Those who changed the brush and the canvas for a video camera and for a television screen, or for an electronic palette and a computer, founded themselves on a critical and analytical base, in the most constructive sense of the word. I am not referring to the virtuous electronic craftsmen who service the entertainment and communications industry, those who are capable of creating a dazzling world of images, certainly seductive, to amuse a massive audience as if it were a circus performance. I am talking about those who have kept their distance from the calculated and superfluous aesthetics of consumerism, and to those who concentrate on pointing out, in different ways, the change of conception, perception and thought, immersed in a world mediatized and technicalized in all its streams.

These are artists who are clear about the fact that one can only evolve towards new knowledge through research and participative experimentation, and that such knowledge will synchronize us with the complexity of our present; a present that becomes more difficult to think of and understand in terms of the past.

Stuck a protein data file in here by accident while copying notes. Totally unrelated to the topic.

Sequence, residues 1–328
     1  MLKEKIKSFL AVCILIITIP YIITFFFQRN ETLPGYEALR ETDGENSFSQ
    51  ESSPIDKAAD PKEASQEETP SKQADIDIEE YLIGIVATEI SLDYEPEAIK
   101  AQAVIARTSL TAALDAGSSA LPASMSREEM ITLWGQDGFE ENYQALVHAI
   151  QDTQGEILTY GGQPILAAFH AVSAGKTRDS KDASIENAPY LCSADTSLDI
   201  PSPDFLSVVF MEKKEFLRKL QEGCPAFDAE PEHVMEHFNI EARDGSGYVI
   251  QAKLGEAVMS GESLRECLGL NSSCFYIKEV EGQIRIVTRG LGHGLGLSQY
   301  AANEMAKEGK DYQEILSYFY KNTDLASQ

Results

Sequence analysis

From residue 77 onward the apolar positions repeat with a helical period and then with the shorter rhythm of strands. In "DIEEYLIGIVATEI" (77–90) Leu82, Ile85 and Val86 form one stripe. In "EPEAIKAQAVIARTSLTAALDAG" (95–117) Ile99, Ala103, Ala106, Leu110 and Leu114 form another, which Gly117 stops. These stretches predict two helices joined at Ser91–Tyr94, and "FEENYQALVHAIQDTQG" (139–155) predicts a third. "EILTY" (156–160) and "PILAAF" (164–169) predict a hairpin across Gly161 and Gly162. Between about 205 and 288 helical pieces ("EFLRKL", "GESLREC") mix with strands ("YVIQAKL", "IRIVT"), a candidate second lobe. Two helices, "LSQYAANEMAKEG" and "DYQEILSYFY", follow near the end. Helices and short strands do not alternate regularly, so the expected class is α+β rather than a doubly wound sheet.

The artists of the era of electronics expose works which are created and inscribed in the volatile and ephemeral coordinates of time. These proposals evoke an irreversible transformation of our perception, and articulate the change in both our aesthetic categories and our thought.

Concerning the traditional artistic practices, the base and the context on which the creative process is situated have been modified. In this sense, it should be noted that the values of change over which present society is established do not have a merely material or objective character. The value of change is the information, ephemeral and immaterial, which moves instantaneously, in "real time," and from which new richness, new powers, and new social and cultural structures are established. This information is precisely one of the raw materials of electronic and digital art today.

Virtual Reality

In 1950, the artist and mathematician Ben F. Laposky created the first electronic abstraction on an analogous computer. But it was not until 15 years later, that scientists Frieder Nake, Georg Ness, and Michael Noll proposed the idea of Art by Computer.[7] The decade of the 60s was decisive for graphic creations by computer, as well as for the beginning of what we call video art, and for the invention of technical devices for Virtual Reality.